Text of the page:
Which from a golden censer forth doth rise.
Spenser.

Censor noun [ Latin censor , from censere to value, tax.]
1. (Antiq.) One of two magistrates of Rome who took a register of the number and property of citizens, and who also exercised the office of inspector of morals and conduct.

2. One who is empowered to examine manuscripts before they are committed to the press, and to forbid their publication if they contain anything obnoxious; -- an official in some European countries.

3. One given to fault-finding; a censurer.

Nor can the most circumspect attention, or steady rectitude, escape blame from censors who have no inclination to approve.
Rambler.

4. A critic; a reviewer.

Received with caution by the censors of the press.
W. Irving.

Censorial adjective
1. Belonging to a censor, or to the correction of public morals. Junius.

2. Full of censure; censorious.

The censorial declamation of Juvenal.
T. Warton.

Censorian adjective Censorial. [ R.] Bacon.

Censorious adjective [ Latin censorius pertaining to the censor. See Censor .]
1. Addicted to censure; apt to blame or condemn; severe in making remarks on others, or on their writings or manners.

A dogmatical spirit inclines a man to be consorious of his neighbors.
Watts.

2. Implying or expressing censure; as, censorious remarks.

Syn. -- Fault-finding; carping; caviling; captious; severe; condemnatory; hypercritical.

-- Cen*so"ri*ous*ly , adverb -- Cen*so"ri*ous*ness , noun

Censorship noun The office or power of a censor; as, to stand for a censorship . Holland.

The press was not indeed at that moment under a general censorship .
Macaulay.

Censual adjective [ Latin censualis , from census .] Relating to, or containing, a census.

He caused the whole realm to be described in a censual roll.
Sir R. Baker.

Censurable adjective Deserving of censure; blamable; culpable; reprehensible; as, a censurable person, or censurable conduct.

-- Cen"sur*a*bleness , noun -- Cen"sur*a*bly , adverb

Censure noun [ Latin censura from censere : confer French censure . Confer Censor .]
1. Judgment either favorable or unfavorable; opinion. [ Obsolete]

Take each man's censure , but reserve thy judgment.
Shak.

2. The act of blaming or finding fault with and condemning as wrong; reprehension; blame.

Both the censure and the praise were merited.
Macaulay.

3. Judicial or ecclesiastical sentence or reprimand; condemnatory judgment.

Excommunication or other censure of the church.
Bp. Burnet.

Syn. -- Blame; reproof; condemnation; reprobation; disapproval; disapprobation; reprehension; animadversion; reprimand; reflection; dispraise; abuse.

Censure intransitive verb [ imperfect & past participle Censured ; present participle & verbal noun Censuring .] [ Confer French ensurer .]
1. To form or express a judgment in regard to; to estimate; to judge. [ Obsolete] "Should I say more, you might well censure me a flatterer." Beau. & Fl.

2. To find fault with and condemn as wrong; to blame; to express disapprobation of.

I may be censured that nature thus gives way to loyalty.
Shak.

3. To condemn or reprimand by a judicial or ecclesiastical sentence. Shak.

Syn. -- To blame; reprove; rebuke; condemn; reprehend; reprimand.

Censure intransitive verb To judge. [ Obsolete] Shak.

Censurer noun One who censures. Sha.

Census noun [ Latin census , from censere . See Censor .]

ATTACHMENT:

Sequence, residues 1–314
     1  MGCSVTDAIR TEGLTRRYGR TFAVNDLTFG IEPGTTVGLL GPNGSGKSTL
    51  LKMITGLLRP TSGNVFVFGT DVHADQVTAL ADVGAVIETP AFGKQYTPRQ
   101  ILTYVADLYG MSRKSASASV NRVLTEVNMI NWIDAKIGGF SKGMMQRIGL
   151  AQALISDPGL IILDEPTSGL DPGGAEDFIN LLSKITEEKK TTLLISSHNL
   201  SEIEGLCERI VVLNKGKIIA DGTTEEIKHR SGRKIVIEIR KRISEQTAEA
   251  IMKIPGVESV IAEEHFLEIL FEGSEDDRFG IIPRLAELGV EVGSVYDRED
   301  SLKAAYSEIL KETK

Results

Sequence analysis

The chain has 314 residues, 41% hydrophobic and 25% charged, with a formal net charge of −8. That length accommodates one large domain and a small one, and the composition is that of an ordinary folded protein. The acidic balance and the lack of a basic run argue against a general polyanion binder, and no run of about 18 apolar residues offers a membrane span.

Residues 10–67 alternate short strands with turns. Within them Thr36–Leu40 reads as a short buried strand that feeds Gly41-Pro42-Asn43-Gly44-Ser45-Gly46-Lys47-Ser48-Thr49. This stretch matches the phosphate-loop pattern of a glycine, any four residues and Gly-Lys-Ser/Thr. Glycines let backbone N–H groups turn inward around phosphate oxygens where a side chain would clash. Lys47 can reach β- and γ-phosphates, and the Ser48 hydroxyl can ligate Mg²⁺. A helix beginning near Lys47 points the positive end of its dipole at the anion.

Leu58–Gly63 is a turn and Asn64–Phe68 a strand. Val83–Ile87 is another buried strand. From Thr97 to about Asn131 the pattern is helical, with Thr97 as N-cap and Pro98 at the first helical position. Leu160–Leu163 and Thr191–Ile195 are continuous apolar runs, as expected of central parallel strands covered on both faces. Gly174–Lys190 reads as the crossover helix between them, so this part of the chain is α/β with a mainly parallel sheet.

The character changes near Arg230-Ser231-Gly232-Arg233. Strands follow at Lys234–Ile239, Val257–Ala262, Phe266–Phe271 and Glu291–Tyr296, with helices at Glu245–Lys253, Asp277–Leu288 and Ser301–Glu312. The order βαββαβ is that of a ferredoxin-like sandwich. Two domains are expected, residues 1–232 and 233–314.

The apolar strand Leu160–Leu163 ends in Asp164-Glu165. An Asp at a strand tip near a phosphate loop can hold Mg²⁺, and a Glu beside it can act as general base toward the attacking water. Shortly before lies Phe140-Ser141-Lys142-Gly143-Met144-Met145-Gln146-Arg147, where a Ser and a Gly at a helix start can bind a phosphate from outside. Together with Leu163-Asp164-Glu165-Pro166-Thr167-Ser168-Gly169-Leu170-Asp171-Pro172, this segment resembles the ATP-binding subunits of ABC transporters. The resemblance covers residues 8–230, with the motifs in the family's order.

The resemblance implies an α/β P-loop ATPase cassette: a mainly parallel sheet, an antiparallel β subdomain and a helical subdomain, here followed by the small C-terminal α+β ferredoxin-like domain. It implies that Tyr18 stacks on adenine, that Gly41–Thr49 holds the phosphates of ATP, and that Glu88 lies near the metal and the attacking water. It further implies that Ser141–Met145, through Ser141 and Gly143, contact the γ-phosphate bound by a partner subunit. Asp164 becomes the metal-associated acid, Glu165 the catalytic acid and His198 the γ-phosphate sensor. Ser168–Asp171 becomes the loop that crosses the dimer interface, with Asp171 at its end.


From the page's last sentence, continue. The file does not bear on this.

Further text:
1. (Bot. Antiq.) A numbering of the people, and valuation of their estate, for the purpose of imposing taxes, etc.; -- usually made once in five years.

2. An official registration of the number of the people, the value of their estates, and other general statistics of a country.

» A general census of the United States was first taken in 1790, and one has been taken at the end of every ten years since.

Cent noun [ French cent hundred, Latin centum . See Hundred .]
1. A hundred; as, ten per cent , the proportion of ten parts in a hundred.

2. A United States coin, the hundredth part of a dollar, formerly made of copper, now of copper, tin, and zinc.

3. An old game at cards, supposed to be like piquet; -- so called because 100 points won the game. Nares.

Centage noun Rate by the hundred; percentage.

Cental noun [ Latin centum a hundred.] A weight of one hundred pounds avoirdupois; -- called in many parts of the United States a Hundredweight .

Cental noun Relating to a hundred.

Cental system , the method of buying and selling by the cental, or hundredweight.

Centare noun [ French centiare ; centi- (L. centum ) + -are .] A measure of area, the hundredth part of an are; one square meter, or about 1⅕ square yards.

Centaur (sĕn"tar) noun [ Latin centaurus , Greek Ke`ntayros .]


1. (Class. Myth.) A fabulous being, represented as half man and half horse.

2. (Astron.) A constellation in the southern heavens between Hydra and the Southern Cross.

Centaurea noun [ New Latin See Centaury .] (Botany) A large genus of composite plants, related to the thistles and including the cornflower or bluebottle ( Centaurea Cyanus ) and the star thistle ( C. Calcitrapa ).

Centauromachy noun [ Greek ...; ... centaur + ... battle.] (Ancient Art) A fight in which centaurs take part, -- a common theme for relief sculpture, as in the Parthenon metopes.

Centaury (sĕn"ta*rȳ) noun [ Latin centaureum and centauria , Greek kentay`rion , kentay`reion , and kentayri`h , from the Centaur Chiron.] (Botany) A gentianaceous plant not fully identified. The name is usually given to the Erytheræa Centaurium and the Chlora perfoliata of Europe, but is also extended to the whole genus Sabbatia , and even to the unrelated Centaurea .